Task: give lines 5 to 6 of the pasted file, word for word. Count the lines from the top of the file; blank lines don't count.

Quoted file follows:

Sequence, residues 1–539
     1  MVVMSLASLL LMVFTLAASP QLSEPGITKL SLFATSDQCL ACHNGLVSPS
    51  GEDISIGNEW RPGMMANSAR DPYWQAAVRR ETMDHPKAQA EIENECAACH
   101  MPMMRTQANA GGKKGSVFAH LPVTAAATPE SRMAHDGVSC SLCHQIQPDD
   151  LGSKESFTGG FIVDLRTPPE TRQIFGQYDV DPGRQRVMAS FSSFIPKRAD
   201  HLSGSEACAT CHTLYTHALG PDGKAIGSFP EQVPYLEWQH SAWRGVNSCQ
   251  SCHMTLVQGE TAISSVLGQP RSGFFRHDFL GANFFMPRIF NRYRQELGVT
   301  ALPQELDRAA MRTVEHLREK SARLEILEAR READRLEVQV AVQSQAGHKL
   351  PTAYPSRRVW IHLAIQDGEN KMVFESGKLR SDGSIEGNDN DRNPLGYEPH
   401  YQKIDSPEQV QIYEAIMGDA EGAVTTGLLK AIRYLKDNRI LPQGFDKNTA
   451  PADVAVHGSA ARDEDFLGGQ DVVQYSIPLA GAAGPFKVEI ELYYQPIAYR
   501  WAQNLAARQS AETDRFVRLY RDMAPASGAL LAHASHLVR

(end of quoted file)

   151  LGSKESFTGG FIVDLRTPPE TRQIFGQYDV DPGRQRVMAS FSSFIPKRAD
   201  HLSGSEACAT CHTLYTHALG PDGKAIGSFP EQVPYLEWQH SAWRGVNSCQ